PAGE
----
Short-listed for the Rogers Writers' Trust Fiction Prize and the Amazon First Novel Award.
A gripping debut teeming with drama and scathing insight into the world of an all-girl private high school. For years, Audrey Brindle has dreamed of attending George Eliot Academy, the school where her mother, Ruth, has taught for a decade. But when she is finally admitted, she discovers a place of sly bullying and ferocious intolerance. Ruth, meanwhile, finds her world upended by the arrival of a new teacher, Henry Winter.
An acutely observed exploration of ambition, betrayal, and cruelty, The Eliot Girls deftly explores the intimacies and injustices of privileged female adolescence and the relationship of a mother and daughter for whom life will never be the same.
"...Bridge writes elegantly and has great perception about foibles of adolescent girls and the social pressure they are under...Bridge makes it easy to understand Audrey and this, coupled with the graceful prose of The Eliot Girls makes it an admirable read."
"The Eliot Girls, by Krista Bridge, is an elegant novel of manners set in a contemporary Toronto boarding school. Audrey Brindle is finally admitted in Grade 10, and enters a world of adamant hierarchies and loaded friendships. Her mother, Ruth, meanwhile, navigates the politics in the teachers' lounge while fighting the frustrations of adulthood and its fading opportunities. With graceful echoes of George Eliot, Bridge's finely crafted novel distinctively and deftly conjures a world both familiar and fresh, exclusive yet easily recognizable to us all."
"Krista Bridge updates the setting and dispenses with the Gothicism, but retains the feminist bedrock in her debut novel..."
"This debut novel by a Toronto writer concerns Ruth, who has taught at the elite George Eliot Academy for a decade, and Audrey, her daughter, who has just entered the academy as a student and discovers a petty world of bullying and pretensions. Snotty mean girls books are always fun, and the writing here seems smart and capable."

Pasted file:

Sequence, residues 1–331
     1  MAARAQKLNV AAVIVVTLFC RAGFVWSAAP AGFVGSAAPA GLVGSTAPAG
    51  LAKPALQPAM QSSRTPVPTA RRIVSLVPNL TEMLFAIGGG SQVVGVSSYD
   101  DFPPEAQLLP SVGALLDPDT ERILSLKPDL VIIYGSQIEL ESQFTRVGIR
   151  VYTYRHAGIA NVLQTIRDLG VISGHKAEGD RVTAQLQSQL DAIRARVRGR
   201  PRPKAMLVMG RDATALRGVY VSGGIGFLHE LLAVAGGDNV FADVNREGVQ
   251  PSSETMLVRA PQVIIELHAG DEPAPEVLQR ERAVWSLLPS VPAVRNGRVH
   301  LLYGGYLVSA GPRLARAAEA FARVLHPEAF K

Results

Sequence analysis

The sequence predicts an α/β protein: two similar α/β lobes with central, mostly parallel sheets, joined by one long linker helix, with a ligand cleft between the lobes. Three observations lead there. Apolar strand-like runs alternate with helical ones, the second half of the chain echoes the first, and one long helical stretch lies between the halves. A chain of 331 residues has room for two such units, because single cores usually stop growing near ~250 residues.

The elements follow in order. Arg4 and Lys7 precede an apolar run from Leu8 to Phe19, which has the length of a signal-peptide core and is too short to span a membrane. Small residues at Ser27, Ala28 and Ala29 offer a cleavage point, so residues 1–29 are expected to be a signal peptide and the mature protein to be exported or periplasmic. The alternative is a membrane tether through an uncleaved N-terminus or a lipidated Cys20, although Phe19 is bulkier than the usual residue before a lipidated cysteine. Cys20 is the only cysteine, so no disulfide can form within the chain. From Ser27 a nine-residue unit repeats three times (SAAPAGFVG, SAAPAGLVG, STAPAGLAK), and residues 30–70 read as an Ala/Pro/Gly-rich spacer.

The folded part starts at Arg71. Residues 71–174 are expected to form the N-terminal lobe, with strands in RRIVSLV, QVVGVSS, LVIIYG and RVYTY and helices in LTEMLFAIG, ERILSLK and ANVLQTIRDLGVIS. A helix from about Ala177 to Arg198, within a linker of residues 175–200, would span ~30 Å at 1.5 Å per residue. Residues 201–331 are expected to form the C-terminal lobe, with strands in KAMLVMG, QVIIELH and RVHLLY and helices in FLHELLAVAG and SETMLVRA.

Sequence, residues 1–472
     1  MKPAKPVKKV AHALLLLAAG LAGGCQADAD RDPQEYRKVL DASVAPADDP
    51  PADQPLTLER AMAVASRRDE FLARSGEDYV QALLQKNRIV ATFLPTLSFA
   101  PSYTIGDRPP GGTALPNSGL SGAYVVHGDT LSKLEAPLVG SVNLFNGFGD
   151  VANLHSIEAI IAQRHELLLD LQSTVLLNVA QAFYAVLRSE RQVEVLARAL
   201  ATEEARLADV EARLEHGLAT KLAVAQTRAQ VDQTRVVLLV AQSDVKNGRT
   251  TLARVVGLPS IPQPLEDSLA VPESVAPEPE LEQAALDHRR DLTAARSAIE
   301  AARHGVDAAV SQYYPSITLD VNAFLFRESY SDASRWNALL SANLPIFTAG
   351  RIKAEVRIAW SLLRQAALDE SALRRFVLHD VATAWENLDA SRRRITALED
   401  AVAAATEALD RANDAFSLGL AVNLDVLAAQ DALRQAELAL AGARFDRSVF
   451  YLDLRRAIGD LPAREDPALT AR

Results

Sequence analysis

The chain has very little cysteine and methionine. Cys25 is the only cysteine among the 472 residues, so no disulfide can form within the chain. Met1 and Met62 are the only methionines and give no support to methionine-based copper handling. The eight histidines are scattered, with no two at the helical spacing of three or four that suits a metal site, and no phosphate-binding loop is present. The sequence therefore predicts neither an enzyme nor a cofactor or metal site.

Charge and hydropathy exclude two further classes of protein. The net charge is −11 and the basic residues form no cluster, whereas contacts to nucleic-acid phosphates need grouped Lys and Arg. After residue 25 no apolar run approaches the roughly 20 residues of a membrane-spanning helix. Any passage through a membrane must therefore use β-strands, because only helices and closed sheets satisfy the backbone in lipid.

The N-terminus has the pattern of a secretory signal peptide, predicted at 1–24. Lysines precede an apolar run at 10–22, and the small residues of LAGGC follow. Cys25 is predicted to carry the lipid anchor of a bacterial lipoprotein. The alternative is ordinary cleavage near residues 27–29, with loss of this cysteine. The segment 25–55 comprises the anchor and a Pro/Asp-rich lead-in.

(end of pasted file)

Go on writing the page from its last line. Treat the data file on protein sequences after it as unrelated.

"(Bridge) returns with a debut novel that packs a powerful punch...The writing is stunning, replete with descriptions of the teachers..."
"Rising star, Toronto author Krista Bridge, was at home vacuuming and entertaining her toddler Monday when she received what she calls the biggest surprise of her life: Word that her debut novel, The Eliot Girls, is a finalist for the $25,000 Rogers Writers' Trust Fiction Prize."
"...this is her first full length fiction novel (and) it is quite the debut, (one) that should be required reading for younger people and even adults, whether you love books or not. Bridge writes from the viewpoint of teens, never talking down to them, rather giving characters strong voices as they fight various conflicts..."
"Bridge expertly navigates the complexity of Ruth and Audrey's changing relationship. She poses larger questions about the value of duty and honor, both to one's family and oneself. Ultimately, both mother and daughter have much to learn from each other. A patina of restraint and deeply buried resentment infuses every passage and short, meaning-laden exchange, making this a minutely observed if occasionally claustrophobic portrait of personal awakenings."
"...Bridge's writerly flourishes are spot on...Bridge wisely avoids the cliché of giving Audrey a crush on a boy -- a welcome exclusion in a novel that, at its centre, is about a mother's recklessness and her daughter's awkward navigation of the social minefield that is teenage girlhood, a world fraught with what Audrey calls 'the inescapability of humiliation.'"
"...The germ of the novel had been kicking around in the back of Bridge's mind for years and stems from a time when she was a student at St. Clement's, a private school in Toronto where bullying was afoot...'It really was just something I've lived through and it really made me want to write about it because it’s such a key experience to the development to my own identity,' says Bridge. 'It was something that went on every day, sometimes in subtle ways, not necessarily in big ways. And it's such a huge part of growing up.'"